Rebecca Morris contributed to this post.
In testimony on June 19 before the Senate Committee on Finance, a prominent Democrat made the case for entitlement reform and a long-time Republican called for tax reform that raises additional revenue. Dr. Alice Rivlin and Senator Pete Domenici, co-chairs of the Bipartisan Policy Center’s Debt Reduction Task Force, argued that healthcare and revenues are the two essential pieces for solving the debt puzzle. Several sitting senators on both sides of the aisle declared that the bipartisan Domenici-Rivlin plan, Restoring America’s Future, is the best comprehensive framework for doing precisely that.
Given our aging population, addressing Medicare’s rising cost while preserving its guarantee for older and disabled Americans is a vital element for any debt reduction plan. Domenici stressed that we “cannot fix the budget without…somehow fixing Medicare,” highlighting that there are currently “10,000 people entering Medicare every business day.”
The Domenici-Rivlin plan maintains traditional Medicare as the default option, but in Rivlin’s words, gives seniors a choice “on a well regulated exchange between traditional Medicare and an array of private comprehensive plans.” This Defined Support structure is estimated to save roughly $300 billion over its first ten years in effect and significantly more over the following decade. Rivlin concluded that Medicare reform should not “shift cost to the private sector or to vulnerable beneficiaries,” but should “make Medicare a leader in the efficiency and effectiveness of healthcare delivery for everybody.”
The Task Force’s plan also proposes substantial changes to the other side of the government ledger by reforming the tax code to make it more progressive, more pro-growth and to raise additional revenue. Rivlin encouraged Congress to “take the radical approach of starting over” from scratch, instead of “reviewing the current complexities of the tax code.” The Domenici-Rivlin reform only maintains a few essential add-ons and preferences to its clean-slate structure.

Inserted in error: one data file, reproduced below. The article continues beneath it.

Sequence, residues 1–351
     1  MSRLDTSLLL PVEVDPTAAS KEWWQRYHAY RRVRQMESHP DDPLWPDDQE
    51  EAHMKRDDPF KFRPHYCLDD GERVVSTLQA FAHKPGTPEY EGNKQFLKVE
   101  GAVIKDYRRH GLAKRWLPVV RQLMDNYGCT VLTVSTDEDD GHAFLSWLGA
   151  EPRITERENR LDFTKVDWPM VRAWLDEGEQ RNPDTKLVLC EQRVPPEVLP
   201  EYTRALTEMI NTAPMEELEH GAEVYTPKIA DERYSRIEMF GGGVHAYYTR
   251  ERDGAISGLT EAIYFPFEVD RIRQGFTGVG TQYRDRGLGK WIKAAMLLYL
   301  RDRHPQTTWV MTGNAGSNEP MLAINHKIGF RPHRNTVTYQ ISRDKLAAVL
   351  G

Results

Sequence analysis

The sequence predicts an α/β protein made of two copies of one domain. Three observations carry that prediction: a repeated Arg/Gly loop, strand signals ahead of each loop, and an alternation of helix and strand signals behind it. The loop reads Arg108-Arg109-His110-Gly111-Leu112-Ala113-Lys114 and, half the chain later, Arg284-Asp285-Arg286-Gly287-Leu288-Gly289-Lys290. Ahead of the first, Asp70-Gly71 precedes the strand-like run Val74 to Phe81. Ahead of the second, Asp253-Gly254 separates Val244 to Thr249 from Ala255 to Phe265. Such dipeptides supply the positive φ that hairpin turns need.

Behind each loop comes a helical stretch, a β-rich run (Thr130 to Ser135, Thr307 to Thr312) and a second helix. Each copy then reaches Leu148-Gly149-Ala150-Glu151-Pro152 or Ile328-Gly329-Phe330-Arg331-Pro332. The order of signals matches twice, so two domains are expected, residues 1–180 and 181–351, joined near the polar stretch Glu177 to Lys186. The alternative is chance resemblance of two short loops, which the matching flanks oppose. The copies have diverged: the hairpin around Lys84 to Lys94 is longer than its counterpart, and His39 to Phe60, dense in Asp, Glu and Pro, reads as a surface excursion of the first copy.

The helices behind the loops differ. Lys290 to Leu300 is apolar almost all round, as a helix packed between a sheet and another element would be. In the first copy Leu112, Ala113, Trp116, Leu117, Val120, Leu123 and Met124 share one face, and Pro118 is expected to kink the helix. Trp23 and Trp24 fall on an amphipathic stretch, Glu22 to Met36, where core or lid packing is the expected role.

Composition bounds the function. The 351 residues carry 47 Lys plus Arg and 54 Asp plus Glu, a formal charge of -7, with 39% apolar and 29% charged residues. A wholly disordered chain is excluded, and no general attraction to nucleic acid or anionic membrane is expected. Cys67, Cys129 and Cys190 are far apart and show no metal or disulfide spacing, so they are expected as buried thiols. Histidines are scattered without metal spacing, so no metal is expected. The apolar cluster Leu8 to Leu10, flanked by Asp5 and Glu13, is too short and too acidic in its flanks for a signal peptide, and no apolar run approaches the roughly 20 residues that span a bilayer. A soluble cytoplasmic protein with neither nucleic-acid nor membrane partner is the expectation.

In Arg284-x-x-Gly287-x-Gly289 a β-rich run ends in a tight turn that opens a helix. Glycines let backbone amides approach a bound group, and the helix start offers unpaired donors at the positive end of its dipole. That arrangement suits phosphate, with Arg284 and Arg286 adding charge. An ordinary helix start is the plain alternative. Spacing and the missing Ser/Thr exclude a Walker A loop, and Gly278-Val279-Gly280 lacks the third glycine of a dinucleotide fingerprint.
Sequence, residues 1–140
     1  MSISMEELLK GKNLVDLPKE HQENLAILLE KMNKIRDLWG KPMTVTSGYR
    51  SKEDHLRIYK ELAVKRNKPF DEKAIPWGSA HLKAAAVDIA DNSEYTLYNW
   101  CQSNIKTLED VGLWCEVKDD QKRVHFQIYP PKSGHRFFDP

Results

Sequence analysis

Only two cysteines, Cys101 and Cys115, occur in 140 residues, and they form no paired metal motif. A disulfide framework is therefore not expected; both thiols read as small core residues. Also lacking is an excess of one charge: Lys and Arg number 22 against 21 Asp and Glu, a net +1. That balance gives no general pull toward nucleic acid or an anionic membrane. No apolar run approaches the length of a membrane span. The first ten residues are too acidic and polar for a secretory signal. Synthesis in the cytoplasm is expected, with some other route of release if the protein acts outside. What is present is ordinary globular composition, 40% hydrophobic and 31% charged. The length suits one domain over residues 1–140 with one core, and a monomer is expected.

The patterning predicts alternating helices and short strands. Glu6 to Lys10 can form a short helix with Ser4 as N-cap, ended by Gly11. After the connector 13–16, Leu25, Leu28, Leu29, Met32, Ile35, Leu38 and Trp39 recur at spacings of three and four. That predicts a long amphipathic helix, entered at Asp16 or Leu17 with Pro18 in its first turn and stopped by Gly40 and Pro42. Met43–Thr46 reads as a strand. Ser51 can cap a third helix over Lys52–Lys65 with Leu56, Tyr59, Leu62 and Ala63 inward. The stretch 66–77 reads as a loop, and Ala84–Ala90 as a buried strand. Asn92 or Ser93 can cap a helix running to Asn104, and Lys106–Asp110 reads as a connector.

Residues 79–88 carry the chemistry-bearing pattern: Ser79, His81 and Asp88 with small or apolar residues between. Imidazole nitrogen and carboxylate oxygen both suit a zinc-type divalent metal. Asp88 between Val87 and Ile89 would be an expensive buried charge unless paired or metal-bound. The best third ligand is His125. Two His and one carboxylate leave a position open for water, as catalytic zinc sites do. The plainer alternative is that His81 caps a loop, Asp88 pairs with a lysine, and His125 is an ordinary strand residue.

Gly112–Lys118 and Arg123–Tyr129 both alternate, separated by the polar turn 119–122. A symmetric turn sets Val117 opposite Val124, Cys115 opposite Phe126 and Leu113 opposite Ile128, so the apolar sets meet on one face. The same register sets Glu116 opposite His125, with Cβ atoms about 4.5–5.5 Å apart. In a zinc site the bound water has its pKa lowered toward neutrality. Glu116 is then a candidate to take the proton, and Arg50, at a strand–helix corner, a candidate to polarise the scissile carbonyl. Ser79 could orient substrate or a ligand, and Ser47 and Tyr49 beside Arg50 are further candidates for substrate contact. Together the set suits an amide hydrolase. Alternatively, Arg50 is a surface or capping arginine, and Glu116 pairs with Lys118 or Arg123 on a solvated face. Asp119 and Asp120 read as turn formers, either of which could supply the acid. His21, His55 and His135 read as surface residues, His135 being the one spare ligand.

The result is a vastly fairer and simplified code that contains just two individual tax rates of 15 and 28 percent, reduces the top corporate rate to 28 percent, and taxes capital gains and dividends as ordinary income. Domenici and Rivlin would also phase out the exclusion for employer-provided health benefits that encourages businesses to provide lavish health benefits over additional monetary compensation. Additionally, the plan would transform the current deductions for mortgage interest and charitable contributions into 15-percent refundable credits. Rivlin emphasized that this would “[help] the middle class most, rather than giving benefits to the high end.”
In addition to the detailed structural reforms proposed by the Task Force, the budgetary changes that, without action, are scheduled to occur at the end of this year were also a topic of discussion. This lineup – known as the upcoming “fiscal cliff” – includes expiration of the “Bush” tax cuts, expiration of the Alternative Minimum Tax “patch,” across-the-board spending cuts (i.e., the sequester), expiration of extended unemployment insurance benefits, and expiration of the “doc fix.” Domenici and Rivlin stressed that, in tandem with the general need for a plan to reduce deficits, we must prevent the occurrence of this economic disaster, which the Congressional Budget Office recently estimated would likely cause a recession in the first half of 2013.
The committee members, along with Domenici and Rivlin, encouraged action as soon as possible because the widespread uncertainty generated by these pending policy changes is already causing economic damage. Due to the fact that realization of this fiscal cliff would be particularly harmful, it presents – and should be used – as an opportunity to set up significant deficit reduction. Rivlin called for “substitut[ing] a grand bargain” in place of current law and indicated that such a plan should cross party lines by containing both entitlement reforms and revenue increases.
Like Senator Domenici stated, “we cannot allow ideological purity to stand in the way of what is right for our country.”